systemic failure to provide for basic physical care NHS My mind health Wings kill The patients across the country – despite dozens of warnings from coroners over the past decade, The Independent can reveal.
An investigation has uncovered prevention of future death reports – used by coroners to warn health services of widespread failures – on at least 50 occasions since 2012 involving 26 NHS organizations and private healthcare providers.
The cases included deaths from malnutrition, lack of exercise and starvation of detainees in Cairo Psychological health amenities. Experts warn the lack of training and funding is to blame neglect of patients at risk.
Our investigation revealed:
- Failing employees to perform basic health checks, such as assessing blood clot risk
- Cases of nurses and care assistants without adequate CPR training
- Physicians unable to perform emergency response procedures
- Patients who have not been treated for side effects of antipsychotic drugs
- The rapid deterioration of health goes unnoticed and is not treated
Forensic pathologists uncovered multiple cases of mental health patients receiving inadequate treatment at the General Hospital with their illness considered to be a psychological problem.
The Independent It could reveal that a fifth of patients across mental health units across the country do not undergo basic physical health care exams upon admission, according to a report by the National Confidential Inquiry into Patient Mortality.
The report, which was carried out this year, warned of “significant missed opportunities” by health services to identify and treat mental health patients’ physical health conditions.
The review showed that deterioration in physical health often follows admission to inpatient units.
It comes as the NHS’ National Medical Director for Mental Health has had to write to hospitals to warn them of the need to introduce physical health checks.
Dr Rosina Aline Khan, Labour’s shadow mental health minister, has called for a rapid review of inpatient mental health services. I told Freelancer: “The government needs to get the ongoing crisis in mental health hospitals under control – the current conditions are inhumane. Patients deserve better.”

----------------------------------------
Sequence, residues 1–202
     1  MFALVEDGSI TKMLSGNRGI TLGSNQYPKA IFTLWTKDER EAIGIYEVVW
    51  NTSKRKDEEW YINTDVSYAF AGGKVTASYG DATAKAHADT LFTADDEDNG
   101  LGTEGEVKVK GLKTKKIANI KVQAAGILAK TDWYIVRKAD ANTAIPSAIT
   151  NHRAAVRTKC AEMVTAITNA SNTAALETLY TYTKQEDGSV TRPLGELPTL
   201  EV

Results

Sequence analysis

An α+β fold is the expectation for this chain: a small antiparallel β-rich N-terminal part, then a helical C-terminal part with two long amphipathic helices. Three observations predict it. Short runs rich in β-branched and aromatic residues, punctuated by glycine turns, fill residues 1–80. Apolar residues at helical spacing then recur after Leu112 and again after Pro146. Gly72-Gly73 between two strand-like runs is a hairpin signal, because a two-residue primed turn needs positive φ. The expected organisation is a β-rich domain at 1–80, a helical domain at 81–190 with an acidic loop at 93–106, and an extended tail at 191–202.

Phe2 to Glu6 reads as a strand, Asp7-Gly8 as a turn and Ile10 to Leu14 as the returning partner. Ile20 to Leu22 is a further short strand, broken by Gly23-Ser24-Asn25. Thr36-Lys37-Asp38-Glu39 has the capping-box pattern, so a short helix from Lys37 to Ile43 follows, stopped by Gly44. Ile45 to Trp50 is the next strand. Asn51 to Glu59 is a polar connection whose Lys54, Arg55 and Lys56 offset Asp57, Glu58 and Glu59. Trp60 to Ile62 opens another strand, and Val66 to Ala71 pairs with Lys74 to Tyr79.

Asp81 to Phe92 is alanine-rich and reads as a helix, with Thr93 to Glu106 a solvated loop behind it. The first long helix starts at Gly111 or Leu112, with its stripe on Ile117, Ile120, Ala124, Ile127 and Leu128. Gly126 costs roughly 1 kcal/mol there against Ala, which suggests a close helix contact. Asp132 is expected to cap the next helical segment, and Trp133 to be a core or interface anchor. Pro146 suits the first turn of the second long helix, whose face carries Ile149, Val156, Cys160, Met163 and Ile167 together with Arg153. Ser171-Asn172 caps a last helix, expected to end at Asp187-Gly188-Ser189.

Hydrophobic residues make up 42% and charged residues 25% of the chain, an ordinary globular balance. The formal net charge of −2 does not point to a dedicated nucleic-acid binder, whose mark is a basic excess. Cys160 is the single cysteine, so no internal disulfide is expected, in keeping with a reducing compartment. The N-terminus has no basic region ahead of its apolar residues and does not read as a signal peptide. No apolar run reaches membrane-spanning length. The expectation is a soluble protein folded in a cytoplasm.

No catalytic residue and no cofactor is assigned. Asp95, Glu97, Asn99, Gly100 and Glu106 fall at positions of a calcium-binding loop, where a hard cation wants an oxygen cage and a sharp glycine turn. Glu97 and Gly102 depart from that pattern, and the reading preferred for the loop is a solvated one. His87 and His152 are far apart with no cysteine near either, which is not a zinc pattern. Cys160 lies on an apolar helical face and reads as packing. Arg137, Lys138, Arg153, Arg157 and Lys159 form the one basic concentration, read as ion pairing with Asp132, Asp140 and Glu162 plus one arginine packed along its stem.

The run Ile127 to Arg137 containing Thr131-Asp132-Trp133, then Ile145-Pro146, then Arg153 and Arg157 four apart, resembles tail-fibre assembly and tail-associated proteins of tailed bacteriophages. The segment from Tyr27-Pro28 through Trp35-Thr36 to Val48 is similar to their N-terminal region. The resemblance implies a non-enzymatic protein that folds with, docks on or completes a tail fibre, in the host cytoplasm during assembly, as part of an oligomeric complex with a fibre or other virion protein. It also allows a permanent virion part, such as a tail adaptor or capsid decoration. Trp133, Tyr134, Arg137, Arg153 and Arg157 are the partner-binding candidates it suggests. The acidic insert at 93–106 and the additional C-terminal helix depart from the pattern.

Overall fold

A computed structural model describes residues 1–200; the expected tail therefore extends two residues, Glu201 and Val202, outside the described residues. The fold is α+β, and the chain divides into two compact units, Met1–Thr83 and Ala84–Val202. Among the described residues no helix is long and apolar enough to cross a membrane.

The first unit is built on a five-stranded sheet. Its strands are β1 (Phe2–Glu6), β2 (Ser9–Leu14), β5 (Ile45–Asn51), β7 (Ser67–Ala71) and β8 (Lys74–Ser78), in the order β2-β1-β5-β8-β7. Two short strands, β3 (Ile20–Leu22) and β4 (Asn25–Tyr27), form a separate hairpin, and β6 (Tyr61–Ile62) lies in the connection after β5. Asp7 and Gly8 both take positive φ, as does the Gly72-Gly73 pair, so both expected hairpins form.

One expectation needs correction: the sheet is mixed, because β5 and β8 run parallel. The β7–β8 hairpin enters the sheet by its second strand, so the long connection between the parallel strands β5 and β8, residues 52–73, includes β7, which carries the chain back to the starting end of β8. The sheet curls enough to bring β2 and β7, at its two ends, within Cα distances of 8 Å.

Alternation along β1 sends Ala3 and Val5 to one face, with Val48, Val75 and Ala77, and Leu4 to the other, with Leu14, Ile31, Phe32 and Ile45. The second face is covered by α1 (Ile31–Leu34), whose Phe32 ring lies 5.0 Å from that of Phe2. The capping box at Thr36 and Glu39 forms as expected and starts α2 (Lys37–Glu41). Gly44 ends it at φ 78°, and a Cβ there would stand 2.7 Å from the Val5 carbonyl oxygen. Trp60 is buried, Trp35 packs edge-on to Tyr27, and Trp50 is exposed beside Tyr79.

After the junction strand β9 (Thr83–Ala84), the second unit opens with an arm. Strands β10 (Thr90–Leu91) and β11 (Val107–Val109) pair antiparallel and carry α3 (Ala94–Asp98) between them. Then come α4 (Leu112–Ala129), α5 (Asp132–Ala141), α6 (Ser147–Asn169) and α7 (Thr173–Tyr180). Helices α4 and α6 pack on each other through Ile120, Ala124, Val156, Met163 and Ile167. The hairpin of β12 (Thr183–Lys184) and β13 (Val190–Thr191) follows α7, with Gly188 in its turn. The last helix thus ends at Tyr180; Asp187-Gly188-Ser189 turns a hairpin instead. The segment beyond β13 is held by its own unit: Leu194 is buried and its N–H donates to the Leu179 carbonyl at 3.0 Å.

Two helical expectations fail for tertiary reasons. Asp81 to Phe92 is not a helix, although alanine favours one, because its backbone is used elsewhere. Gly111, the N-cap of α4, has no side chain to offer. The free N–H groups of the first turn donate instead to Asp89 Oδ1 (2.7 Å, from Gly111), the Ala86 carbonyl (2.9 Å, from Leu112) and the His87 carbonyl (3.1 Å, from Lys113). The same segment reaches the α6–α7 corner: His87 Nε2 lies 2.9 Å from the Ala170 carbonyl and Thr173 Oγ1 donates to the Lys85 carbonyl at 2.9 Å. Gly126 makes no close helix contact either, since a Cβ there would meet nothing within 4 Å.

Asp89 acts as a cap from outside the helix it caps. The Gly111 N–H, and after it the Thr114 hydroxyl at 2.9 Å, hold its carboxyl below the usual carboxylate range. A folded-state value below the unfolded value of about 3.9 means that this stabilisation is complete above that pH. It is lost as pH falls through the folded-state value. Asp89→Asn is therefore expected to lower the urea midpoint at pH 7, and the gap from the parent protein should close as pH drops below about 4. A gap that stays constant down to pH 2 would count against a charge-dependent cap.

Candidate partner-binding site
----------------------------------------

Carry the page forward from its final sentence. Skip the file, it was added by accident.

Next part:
“I have a lot of questions left.”
Yvonne Ives died while inpatient at Greater Manchester Mental Health Institution in 2020 of a blood clot, after staff within the unit failed to carry out blood clot risk assessments.
The great pathologist Nigel Meadows attributed her death to a “gross failure to provide her with basic medical care”. It is one of four cases in which pathologists have warned of inadequate blood clot evaluation and treatment within inpatient units.
The 69-year-old had been suffering from mental illness since a young age. In January 2020 she was admitted to the Greater Manchester Mental Health Hospital, and was noted to have “several ulcers and infected wounds of deep and serious protraction”.
Al Tafs was taken to hospital where she was given preventative medication for venous thromboembolism, or blood clots, and she was sent back to the mental health unit. However, this treatment did not continue after she was returned to the mental health unit.
talk with The Independent Lauren Fallon, her sister, said: “I’m left with so many questions about Yvonne’s death, such as would Yvonne still be here if she had the right assessments and medications?
“It is impossible to put such a funny and quirky personality into words. Yvonne was magnetic and made an impression on everyone she met. She was a second mother to my son Sam. It is such a great loss and I miss her with every fiber of my being.”
Gill Green, of Greater Manchester NHS Mental Health, said improvements had been made to the provision of physical healthcare including a new strategy and the introduction of new job roles with a focus on physical healthcare.
Last year, the investigation into Jonathan Kingsman, who died aged 47 of clots in a unit run by the Cambridgeshire and Peterborough NHS Foudation Trust, prompted the coroner to write to the Department for Health and Social Care and warn that national guidelines for assessing blood clots had failed. To account for the risks associated with antipsychotic medications.
said his wife, Lara The Independent: “If you have someone who has some sort of severe mental health problem, you kind of feel it’s safer, or hopefully it’s safe [in hospital]. I certainly don’t blame anyone who takes care of Johnny, I know how pressured these people are, and they have to work within the guidelines they’ve been given. A friend looked at the risk assessments and said, “You can drive a truck with this risk assessment in terms of blood clotting.”
“We know we have to do more.”
Dr Leadsmith, Chair of Inequality at the Royal College of Psychiatrists, said: “If you have a severe and enduring mental health problem, you are likely to die 15 to 20 years earlier than anyone in the general population. It’s not fair.”
Investigators’ warnings revealed The IndependentDr. Smith said it highlights the “fragmentation of care,” in which psychiatrists struggle to get patients access to appropriate physical health care.